Putting together a reception seating chart is kind of like doing a 1000 piece puzzle. Except that you’re dealing with people. You have to juggle friends and family members, along with their many personalities, last-minute RSVPS, and the physical set-up. Bottom line is, it’s a lot to handle.
Reception Seating Don’ts!
Don’t seat the elderly right next to the band or DJ
The grandmas and grandpas at the wedding should probably be seated away from the reception music, especially if they’re hard of hearing. It can already be tough for the older folks to hear one another and you don’t want them to struggle more than they already have to just to have a simple dinner conversation. They’ll be happier to converse with one another, and they can move to the dance floor if they feel up to it later in the night.
Don’t seat feuding guests near each other
Chances are you’ve got a family members or friends that may not see eye to eye. If that’s the case, try your best to seat them far away from one another. This is probably a smart move in cases of divorced parents who don’t have the smoothest relationship. Take a look at the seating layout and try your best to make sure they won’t cross paths.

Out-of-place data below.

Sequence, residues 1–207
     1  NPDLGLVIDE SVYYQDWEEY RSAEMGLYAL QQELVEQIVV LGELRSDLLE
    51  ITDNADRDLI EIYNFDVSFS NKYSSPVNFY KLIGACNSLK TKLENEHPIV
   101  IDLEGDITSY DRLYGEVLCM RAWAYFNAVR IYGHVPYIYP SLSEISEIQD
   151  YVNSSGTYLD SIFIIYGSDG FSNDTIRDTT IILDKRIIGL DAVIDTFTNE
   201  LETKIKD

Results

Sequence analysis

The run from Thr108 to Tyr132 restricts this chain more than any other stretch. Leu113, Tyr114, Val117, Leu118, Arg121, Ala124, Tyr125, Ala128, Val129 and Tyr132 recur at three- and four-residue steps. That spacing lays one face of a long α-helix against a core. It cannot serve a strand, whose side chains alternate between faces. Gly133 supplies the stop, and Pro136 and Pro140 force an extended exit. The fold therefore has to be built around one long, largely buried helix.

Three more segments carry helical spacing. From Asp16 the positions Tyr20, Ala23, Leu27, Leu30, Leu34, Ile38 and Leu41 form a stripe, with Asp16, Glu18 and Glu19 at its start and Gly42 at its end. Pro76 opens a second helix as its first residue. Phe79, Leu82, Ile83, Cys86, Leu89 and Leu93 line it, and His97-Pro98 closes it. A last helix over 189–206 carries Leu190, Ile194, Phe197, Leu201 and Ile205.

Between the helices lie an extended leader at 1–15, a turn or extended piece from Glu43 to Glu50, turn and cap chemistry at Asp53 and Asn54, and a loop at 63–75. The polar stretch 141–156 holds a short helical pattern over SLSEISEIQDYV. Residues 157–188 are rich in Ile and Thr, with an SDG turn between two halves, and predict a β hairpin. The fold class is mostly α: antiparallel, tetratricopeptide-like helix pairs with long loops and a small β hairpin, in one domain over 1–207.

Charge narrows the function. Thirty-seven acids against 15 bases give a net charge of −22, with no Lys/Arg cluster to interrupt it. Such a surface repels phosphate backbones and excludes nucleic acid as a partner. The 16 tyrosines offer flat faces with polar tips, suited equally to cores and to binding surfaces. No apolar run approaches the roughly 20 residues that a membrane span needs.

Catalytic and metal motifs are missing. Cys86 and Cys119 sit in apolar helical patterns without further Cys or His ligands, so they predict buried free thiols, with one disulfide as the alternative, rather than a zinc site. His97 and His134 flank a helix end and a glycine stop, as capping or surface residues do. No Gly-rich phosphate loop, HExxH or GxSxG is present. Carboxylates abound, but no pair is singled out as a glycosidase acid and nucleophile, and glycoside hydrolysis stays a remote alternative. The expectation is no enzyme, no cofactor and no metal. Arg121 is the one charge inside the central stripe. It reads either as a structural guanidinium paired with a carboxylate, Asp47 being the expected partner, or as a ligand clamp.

Don’t forget about kids
Whether you decide to have a table specifically for kids under 12, or you decide to seat them with their parents, it’s important you have a strategy. Don’t place them at any empty seat; see what makes sense for your layout. Keeping the kids all at one table and providing them with some light-hearted entertainment may prevent them from getting antsy. However, seating them with their parents may keep their behavior in check. Do whatever works best for you, but have a plan!
Don’t overcrowd tables
Don’t try to shove as many people as you can at one table. If you have a large group of college or high school friends, break them up into two tables right next to each other. They can always sit down and catch up after the dinner ends if they want to mingle with other guests. Don’t worry, guests will have fun regardless.
Don’t be too predictable
Try not to put people who see each other all the time at the same table. Mix it up! Put a little thought into it and think about which of your friends and family members have similar interests and would likely get along. Better yet, play matchmaker and seat one of your single friends next to another single friend. Weddings are a great place for guests to meet new people and have great conversation! On the same note, be sure to switch things up from the rehearsal dinner seating arrangements so people have a chance to talk to other guests.
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